Germany: the legitimacy of the parody under the EU law

On 28th July, 2016, the Federal Supreme Court ruled that the section 24, subsection 1 of the Copyright Act, relating to the free use of a copyright protected work in order to realize a parody, must be interpreted in accordance with the Art. 5 (3) lit. k of the Directive 2001/29/EC.
In this regard, it is relevant the decision issued by the CJEU on 3td, September, 2014 (C-201/13). The CJEU said that concept of ‘parody’, which appears in a provision of a directive, that does not contain any reference to national laws, must be regarded as an autonomous concept of EU law and interpreted uniformly throughout the European Union.
That interpretation is not invalidated by the optional nature of the exception mentioned in Article 5(3)(k) of Directive 2001/29. An interpretation according to which Member States that have introduced that exception are free to determine the limits in an unharmonised manner, which may vary from one Member State to another, would be incompatible with the objective of that directive (see, to that effect, judgments in Padawan, paragraph 36, and ACI Adam and Others, C‑435/12 , paragraph 49).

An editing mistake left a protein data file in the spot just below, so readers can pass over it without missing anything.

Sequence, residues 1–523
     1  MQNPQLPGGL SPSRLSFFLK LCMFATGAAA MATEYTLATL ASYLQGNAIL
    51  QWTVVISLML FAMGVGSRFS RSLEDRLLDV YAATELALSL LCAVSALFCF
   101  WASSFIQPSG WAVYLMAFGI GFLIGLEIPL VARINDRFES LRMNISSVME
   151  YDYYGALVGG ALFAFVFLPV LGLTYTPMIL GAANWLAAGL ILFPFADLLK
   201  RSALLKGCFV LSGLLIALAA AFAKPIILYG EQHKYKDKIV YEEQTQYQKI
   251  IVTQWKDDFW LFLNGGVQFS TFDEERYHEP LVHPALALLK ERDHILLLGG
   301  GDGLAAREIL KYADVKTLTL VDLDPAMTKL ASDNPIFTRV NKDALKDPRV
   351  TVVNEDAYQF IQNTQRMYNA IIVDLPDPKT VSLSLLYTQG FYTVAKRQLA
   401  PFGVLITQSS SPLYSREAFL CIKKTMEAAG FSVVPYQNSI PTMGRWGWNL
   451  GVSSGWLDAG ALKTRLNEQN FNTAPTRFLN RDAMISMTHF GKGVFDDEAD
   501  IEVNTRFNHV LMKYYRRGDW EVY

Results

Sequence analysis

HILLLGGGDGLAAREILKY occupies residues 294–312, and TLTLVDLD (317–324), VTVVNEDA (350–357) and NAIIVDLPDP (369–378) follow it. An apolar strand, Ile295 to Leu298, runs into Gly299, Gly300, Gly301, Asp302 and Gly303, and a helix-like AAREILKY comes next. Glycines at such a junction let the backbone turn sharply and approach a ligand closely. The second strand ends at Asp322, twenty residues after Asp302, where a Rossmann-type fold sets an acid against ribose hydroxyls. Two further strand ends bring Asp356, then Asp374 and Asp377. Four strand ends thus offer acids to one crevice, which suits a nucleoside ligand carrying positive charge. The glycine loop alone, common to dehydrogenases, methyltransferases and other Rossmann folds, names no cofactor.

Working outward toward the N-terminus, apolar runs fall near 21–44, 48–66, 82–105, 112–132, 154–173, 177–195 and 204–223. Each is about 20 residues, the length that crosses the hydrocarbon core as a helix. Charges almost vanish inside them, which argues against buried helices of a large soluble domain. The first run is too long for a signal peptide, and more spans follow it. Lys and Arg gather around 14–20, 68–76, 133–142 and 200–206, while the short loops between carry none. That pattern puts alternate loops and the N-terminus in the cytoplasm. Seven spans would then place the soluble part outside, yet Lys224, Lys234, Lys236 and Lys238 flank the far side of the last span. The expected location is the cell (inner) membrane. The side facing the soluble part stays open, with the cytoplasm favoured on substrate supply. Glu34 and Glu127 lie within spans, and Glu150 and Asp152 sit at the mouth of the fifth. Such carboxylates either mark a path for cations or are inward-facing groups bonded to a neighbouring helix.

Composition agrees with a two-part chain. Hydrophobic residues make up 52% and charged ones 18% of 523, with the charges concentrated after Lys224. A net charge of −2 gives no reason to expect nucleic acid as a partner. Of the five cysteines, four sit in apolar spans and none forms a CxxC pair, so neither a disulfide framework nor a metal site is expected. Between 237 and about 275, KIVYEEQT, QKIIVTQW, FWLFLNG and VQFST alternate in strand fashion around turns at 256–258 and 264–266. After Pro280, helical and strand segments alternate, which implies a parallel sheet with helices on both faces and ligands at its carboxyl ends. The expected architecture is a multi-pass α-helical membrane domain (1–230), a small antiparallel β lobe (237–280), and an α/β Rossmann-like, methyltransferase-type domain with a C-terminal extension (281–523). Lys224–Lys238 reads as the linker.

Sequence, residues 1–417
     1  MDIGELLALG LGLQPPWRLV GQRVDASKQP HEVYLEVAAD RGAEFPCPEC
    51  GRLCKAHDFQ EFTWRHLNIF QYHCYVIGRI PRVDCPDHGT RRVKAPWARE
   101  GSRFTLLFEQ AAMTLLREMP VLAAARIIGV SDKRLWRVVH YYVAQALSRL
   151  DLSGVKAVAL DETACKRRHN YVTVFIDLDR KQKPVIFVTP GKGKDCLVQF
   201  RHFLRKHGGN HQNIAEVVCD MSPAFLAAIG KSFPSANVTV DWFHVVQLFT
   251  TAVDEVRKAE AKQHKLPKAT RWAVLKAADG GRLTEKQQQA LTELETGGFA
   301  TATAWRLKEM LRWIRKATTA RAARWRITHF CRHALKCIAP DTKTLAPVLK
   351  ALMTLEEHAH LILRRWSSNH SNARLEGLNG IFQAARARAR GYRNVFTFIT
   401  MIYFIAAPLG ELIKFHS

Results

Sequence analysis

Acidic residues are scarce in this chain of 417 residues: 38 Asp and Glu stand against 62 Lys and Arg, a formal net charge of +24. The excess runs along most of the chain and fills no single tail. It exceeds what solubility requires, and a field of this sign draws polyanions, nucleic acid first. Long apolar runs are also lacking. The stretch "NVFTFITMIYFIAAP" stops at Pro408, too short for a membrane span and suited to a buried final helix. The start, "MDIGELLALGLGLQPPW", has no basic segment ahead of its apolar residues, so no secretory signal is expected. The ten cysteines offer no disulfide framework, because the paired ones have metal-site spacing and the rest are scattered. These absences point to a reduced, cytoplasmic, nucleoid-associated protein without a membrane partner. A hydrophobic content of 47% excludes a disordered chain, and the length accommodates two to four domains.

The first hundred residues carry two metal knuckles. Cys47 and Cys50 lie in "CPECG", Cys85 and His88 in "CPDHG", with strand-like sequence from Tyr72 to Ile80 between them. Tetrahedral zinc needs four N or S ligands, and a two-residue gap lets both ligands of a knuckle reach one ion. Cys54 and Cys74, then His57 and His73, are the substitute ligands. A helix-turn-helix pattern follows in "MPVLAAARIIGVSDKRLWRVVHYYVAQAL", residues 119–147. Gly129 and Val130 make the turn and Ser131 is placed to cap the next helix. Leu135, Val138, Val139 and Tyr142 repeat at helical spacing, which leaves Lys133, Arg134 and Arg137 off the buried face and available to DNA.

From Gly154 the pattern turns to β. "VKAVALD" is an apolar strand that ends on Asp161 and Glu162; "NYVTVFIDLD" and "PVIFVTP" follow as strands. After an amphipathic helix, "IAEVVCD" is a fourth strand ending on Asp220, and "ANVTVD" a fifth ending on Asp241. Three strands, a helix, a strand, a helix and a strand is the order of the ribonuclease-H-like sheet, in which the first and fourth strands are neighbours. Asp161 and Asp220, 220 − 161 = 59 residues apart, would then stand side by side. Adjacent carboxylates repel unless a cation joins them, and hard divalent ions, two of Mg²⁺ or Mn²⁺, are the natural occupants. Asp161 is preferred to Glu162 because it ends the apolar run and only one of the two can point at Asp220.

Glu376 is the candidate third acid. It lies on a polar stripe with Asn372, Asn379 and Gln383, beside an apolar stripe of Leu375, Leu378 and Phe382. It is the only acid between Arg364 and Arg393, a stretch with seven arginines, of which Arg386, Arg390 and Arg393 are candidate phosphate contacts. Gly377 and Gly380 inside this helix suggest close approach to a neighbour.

In the opinion of the CJEU, the article 5(3)(k) of Directive 2001/29 must be interpreted as meaning that the essential characteristics of parody, are, first, to evoke an existing work, while being noticeably different from it, and secondly, to constitute an expression of humour or mockery. On the contrary, the concept of ‘parody’, within the meaning of that provision, is not subject to the conditions that the parody should display an original character of its own, other than that of displaying noticeable differences with respect to the original parodied work; that it could reasonably be attributed to a person other than the author of the original work itself; that it should relate to the original work itself or mention the source of the parodied work.
Moreover, the application of the exception for parody, within the meaning of Article 5(3)(k) of Directive 2001/29, requires a fair balance between, on the one hand, the freedom of expression of the user of a protected work who is relying on the exception for parody, and on the other,  the interests and rights of persons referred to in Articles 2 and 3 of that directive.